Aussie Camino Experience

Aussie Camino participants at the Mary MacKillop Penola Centre in Penola, South Australia.

Jim Phelan recently completed the ‘Aussie Camino’ and shares his experience with us.

The Aussie Camino is a pilgrimage walk inspired by the life and journeys of Sisters of Saint Joseph founders St Mary MacKillop and Fr Julian Tenison Woods. It is an opportunity for participants to embark on a contemplative journey, visit scenic places, meet and connect with new people. The walk begins in Portland, Victoria and ends in Penola, South Australia covering over 150 kilometres.

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Remembering Mary MacKillop’s mother Flora

Flora MacKillop.

On Sunday 8 May, many families throughout our country will be celebrating the wonder and joy of experiencing motherhood and being mothered.

For others, Mother’s Day brings sadness and a sense of loss. In troubled places throughout the world mothers are separated from children, and children are living with the awful memory of losing their parents through massacre and war.

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A pilgrim’s ‘light-bulb’ moment

A Mary MacKillop Walk group pausing to remember Doctor John Benson at his Memorial in Kensington, Adelaide SA.
Mary MacKillop Museum visitors pondering the stories of the Barr Smiths and Emanuel Solomon.

Recently, the staff and volunteers of Mary MacKillop Museum in Adelaide were delighted to welcome a busload of interstate pilgrims, one of whom, after spending quite some time in the museum, was hungry for ‘the more’.

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The Hope and Faith of Mary MacKillop

Why do you think that everything is hopeless, that no one can take away your own tombstones? Why do you give in to resignation and failure? Easter is the feast of tombstones taken away, rocks rolled aside. God takes away even the hardest stones against which our hopes and expectations crash: death, sin, fear, worldliness.
Pope Francis, Homily, April 2019

The massacre of the innocent, the ravages of war and the displacement of people engender fear, desperation, and a sense of hopelessness. We also feel the pain of the flood victims left homeless and poverty stricken. Devastation and hardship call upon every ounce of faith and hope we have, to claim and look forward to a brighter future.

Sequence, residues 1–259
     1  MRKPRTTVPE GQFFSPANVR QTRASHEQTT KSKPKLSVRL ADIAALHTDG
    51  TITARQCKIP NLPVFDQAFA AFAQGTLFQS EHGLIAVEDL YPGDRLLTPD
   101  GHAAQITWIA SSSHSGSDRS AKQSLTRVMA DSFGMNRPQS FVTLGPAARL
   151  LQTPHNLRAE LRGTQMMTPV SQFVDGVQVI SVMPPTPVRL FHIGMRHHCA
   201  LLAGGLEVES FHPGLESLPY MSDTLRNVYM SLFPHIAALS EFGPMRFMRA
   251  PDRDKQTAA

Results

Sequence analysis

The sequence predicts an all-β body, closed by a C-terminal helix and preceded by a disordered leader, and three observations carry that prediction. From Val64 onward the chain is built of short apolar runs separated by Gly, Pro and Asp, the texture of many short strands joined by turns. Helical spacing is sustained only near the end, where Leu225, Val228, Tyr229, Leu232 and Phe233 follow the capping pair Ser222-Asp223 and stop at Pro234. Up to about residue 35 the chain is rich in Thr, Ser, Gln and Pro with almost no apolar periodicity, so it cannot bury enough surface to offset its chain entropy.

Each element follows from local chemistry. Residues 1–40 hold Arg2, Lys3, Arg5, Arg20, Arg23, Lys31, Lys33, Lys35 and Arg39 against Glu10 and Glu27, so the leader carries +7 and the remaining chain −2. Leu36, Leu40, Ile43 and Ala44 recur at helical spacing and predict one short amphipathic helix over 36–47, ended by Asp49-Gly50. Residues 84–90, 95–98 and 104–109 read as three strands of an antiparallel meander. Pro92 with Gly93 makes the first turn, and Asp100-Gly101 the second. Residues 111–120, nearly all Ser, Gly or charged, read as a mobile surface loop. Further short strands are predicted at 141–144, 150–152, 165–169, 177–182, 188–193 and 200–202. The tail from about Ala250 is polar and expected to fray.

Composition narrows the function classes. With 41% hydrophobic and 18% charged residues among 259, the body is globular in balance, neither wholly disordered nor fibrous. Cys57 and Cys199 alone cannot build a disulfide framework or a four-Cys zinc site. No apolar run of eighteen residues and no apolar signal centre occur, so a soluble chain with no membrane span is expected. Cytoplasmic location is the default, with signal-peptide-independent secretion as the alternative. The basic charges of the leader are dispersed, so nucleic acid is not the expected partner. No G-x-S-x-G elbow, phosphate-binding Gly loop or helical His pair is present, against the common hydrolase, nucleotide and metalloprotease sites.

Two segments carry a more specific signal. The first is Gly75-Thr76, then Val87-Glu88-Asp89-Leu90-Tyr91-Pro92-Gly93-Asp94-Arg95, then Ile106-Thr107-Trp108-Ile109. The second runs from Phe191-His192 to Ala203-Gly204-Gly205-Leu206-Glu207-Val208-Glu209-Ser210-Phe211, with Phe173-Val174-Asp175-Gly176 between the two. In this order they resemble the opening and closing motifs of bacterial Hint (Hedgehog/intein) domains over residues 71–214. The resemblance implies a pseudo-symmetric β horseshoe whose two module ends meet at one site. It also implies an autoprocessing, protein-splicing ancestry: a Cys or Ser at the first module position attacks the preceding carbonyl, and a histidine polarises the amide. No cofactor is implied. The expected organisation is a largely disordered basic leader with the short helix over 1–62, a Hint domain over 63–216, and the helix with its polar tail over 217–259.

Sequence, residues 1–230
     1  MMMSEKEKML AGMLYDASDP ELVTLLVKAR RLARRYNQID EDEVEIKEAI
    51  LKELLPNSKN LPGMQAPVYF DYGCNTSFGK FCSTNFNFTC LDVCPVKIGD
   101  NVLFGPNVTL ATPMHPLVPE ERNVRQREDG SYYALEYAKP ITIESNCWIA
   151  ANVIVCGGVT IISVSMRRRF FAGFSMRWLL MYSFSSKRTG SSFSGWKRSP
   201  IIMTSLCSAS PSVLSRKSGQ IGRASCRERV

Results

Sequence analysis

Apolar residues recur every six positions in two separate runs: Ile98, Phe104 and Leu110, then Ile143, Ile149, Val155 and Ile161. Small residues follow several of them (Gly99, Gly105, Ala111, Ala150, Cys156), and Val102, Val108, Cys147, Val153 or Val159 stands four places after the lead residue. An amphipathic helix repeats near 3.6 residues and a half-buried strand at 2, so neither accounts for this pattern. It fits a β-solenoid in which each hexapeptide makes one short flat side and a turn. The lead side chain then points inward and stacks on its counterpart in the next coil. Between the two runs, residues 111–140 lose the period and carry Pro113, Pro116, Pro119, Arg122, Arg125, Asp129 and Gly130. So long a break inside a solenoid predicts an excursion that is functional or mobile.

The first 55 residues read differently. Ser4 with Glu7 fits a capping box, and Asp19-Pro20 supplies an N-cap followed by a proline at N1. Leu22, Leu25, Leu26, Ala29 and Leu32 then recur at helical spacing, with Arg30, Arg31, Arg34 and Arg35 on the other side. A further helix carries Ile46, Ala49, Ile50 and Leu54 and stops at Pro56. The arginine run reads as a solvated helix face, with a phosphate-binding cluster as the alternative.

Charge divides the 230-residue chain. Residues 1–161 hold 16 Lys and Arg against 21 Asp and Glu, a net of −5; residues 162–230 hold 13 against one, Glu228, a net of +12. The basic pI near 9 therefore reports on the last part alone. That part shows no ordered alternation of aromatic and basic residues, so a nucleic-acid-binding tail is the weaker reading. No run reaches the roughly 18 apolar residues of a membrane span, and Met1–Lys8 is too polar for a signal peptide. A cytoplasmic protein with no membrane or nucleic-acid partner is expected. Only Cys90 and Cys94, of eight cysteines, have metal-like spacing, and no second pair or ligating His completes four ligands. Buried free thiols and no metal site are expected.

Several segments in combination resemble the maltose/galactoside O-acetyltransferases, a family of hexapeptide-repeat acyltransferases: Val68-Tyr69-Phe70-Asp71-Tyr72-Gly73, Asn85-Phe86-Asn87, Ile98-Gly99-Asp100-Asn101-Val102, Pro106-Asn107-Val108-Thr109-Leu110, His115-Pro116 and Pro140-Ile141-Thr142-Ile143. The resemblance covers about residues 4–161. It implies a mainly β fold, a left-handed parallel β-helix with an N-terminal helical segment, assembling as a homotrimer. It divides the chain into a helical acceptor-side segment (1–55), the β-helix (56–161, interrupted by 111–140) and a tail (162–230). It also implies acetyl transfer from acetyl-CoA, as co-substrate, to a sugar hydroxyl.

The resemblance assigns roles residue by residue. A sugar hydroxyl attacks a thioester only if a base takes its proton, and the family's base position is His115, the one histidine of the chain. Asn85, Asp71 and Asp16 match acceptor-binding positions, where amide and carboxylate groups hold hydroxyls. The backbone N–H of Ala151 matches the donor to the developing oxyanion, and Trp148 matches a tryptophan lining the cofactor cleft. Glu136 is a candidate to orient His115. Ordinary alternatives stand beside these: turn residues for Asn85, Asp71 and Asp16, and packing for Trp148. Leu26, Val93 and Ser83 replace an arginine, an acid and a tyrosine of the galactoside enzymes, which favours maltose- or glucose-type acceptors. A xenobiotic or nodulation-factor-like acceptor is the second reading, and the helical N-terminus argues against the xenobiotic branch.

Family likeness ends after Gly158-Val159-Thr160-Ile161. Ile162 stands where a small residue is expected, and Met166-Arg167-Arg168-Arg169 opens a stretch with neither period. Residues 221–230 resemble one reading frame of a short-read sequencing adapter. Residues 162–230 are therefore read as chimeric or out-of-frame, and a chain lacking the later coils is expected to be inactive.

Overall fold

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A Letter to Mary MacKillop

Photo by lilartsy.

To commemorate the anniversary for when Mary MacKillop received Constitutions of the Institute (Sisters of Saint Joseph of the Sacred Heart) and when Central Government was accepted on 21 April 1874, Sr Maria Casey shares what she would have written to Mary if she was alive today.

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Lent and the life of Mary MacKillop

Jane Woolford, CEO of Mary MacKillop Today.

CEO of Mary MacKillop Today, Jane Woolford, shares her personal reflections in this Lenten season.

There is no doubt that hardship is all around us. Right here in Australia, people are enduring devastating damage from the floods. We are still feeling the difficult impacts of the pandemic, and overseas we are seeing a horrendous war play out with children and families caught in the crossfire.

During Lent, we reflect on the themes of sacrifice, justice and almsgiving.

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A woman ahead of her time

Celebrating International Women’s Day (8 March) is a great impetus for women around the globe to creatively and courageously encourage further, the growing surge for progress in the tussle for recognition and equality.

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Mary MacKillop’s Experience with Illness

Sculpture by Linda Klarfeld, located at Australian Catholic University, North Sydney NSW.

Recently I have heard our culture described as being ‘crippled with emotion and needing intensive care for hope’. There are many types of illness including, physical, emotional and psychological, pervading the environs that we mix in.

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